How to not suck at being an Airbnb host

As we’ve mentioned a few times, we have made liberal use of Airbnb to find where to stay as we travel around. We’ve used them for everything from a single night when Mighty went up country for a wedding in England to a month and a half  long stay for all three of us.

One of the things that we like best about Airbnb as a service is the ability to find pretty much exactly what you’re looking for, from the location and size of the rental all the way down to the price. Our decision on where to stay is based first on location since we are fully pedestrian (Mighty is completely terrified of driving in Europe and I don’t blame him). We try to limit the need for cabs to trips to and from the airport, so the ability to walk or take a bus/metro is key to our trips.

Once we’ve established where we want to stay, we look next at price and size of the flat. This, as you can imagine, requires some compromise. We need to have an entire unit to ourselves – there’s just no way the Cap’n wouldn’t get us thrown out of someone’s house with his love of screaming like a fire truck – so that leaves off a large number of listings. We also need WiFi, a ‘real’ bed (as in not a pull out sofa), a full kitchen, an in-unit bathroom (that may seem pretty obvious if you’re American, but I assure you it’s something you have to be aware of in some of these older buildings where a shared bathroom isn’t considered that strange), and I like to have a washing machine to avoid treks to the local laundro-mat or worse, having to hand-wash the clothes for three. Further, if we’re going to be staying for a longer period of time we prefer to stay in listings that are dedicated rental units rather than someone’s personal home that they’re letting while they’re on holiday themselves. While a personal home is likely more comfortable and better equipped, my nerves would be are in overdrive trying to keep an errant rubber ball from smashing someone’s grandmother’s priceless heirloom vase. Have I mentioned that traveling with a toddler is a bit of a stressor?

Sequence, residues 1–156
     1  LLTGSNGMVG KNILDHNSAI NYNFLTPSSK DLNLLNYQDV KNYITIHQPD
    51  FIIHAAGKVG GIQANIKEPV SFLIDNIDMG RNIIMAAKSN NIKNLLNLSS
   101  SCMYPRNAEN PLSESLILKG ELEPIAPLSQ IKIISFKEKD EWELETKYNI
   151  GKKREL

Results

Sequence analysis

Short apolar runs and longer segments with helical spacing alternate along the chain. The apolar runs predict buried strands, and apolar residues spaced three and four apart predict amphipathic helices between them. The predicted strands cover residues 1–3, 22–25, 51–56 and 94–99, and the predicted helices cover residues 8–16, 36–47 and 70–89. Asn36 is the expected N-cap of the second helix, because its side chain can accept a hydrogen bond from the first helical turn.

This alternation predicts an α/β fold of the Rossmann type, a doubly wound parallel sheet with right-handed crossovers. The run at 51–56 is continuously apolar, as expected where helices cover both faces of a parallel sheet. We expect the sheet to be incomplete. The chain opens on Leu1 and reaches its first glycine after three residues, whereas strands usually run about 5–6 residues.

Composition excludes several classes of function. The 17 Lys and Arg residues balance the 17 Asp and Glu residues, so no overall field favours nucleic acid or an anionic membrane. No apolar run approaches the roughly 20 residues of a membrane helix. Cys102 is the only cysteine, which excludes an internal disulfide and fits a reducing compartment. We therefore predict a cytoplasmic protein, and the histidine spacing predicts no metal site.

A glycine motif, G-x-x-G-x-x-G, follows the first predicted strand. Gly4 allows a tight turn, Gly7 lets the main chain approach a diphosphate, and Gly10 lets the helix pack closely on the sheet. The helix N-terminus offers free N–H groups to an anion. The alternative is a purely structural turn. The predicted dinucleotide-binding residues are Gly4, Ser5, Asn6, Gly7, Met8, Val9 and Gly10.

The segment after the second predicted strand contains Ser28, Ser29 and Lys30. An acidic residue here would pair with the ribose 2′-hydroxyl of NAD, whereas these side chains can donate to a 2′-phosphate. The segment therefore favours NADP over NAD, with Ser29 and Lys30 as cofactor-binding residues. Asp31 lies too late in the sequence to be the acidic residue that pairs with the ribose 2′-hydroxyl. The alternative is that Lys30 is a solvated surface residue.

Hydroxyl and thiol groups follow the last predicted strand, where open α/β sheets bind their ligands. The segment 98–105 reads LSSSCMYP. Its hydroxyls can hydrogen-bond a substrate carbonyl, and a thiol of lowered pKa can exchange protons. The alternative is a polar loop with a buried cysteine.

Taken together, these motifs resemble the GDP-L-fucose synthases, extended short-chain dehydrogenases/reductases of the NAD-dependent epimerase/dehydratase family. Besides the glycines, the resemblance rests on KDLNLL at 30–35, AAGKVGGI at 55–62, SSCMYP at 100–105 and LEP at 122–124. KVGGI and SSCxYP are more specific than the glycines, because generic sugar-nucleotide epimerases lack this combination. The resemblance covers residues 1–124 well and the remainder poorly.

So, once we’ve got all the must-haves sorted, it comes down to which place it looks like we’ll be the most comfortable in. Does the bed look like it’s been retrieved from the dumpster behind Ikea? Is there a work space for Mighty? Somewhere to sit besides the bed? Is there a television? A microwave? A bathtub? If it’s up several flights of stairs is there a lift? What about over-all condition? Is it run down or dirty looking? I can’t stress enough how important pictures – ACCURATE, CURRENT PICTURES – are to our booking decisions. We’re on our seventh eighth rental now and while most of the listings have looked exactly as the pictures suggested, there was one notable exception and came it close to ruining our entire trip. The room was n0t only not as pictured, it was sort of coming apart at the seams, with loose tiles in the bathroom, exposed hot water pipes that would have scalded the baby, no curtains, etc.

“Okay, Charming”, I hear you saying, “I know what you don’t like. But how can I make my listing not suck? I know repeat customers and good reviews are the key to success! Well, Reader, I’m so glad you asked!

Think first about what it is your guests are there for . . . somewhere to sleep. The most important thing, and the thing that you should absolutely not cheap out on, is the bed. It needs to be both sturdy and comfortable. There’s nothing quite so alarming as rolling over and feeling the bed shift, creak, and groan in a way that makes you wonder if you are going to wind up on the floor in the middle of the night. Buy a good mattress too. In addition to not needing to be replaced as often as an inexpensive one, a good night’s sleep is what your guests are paying you for. Hand in hand with that would be good quality sheets, pillows and blankets. Think about offering more than one blanket weight and more than one pillow density. If possible, and especially if you’re renting the unit for more than a week, have an extra set of sheets on hand for the guests so that they can wash their linens during their stay.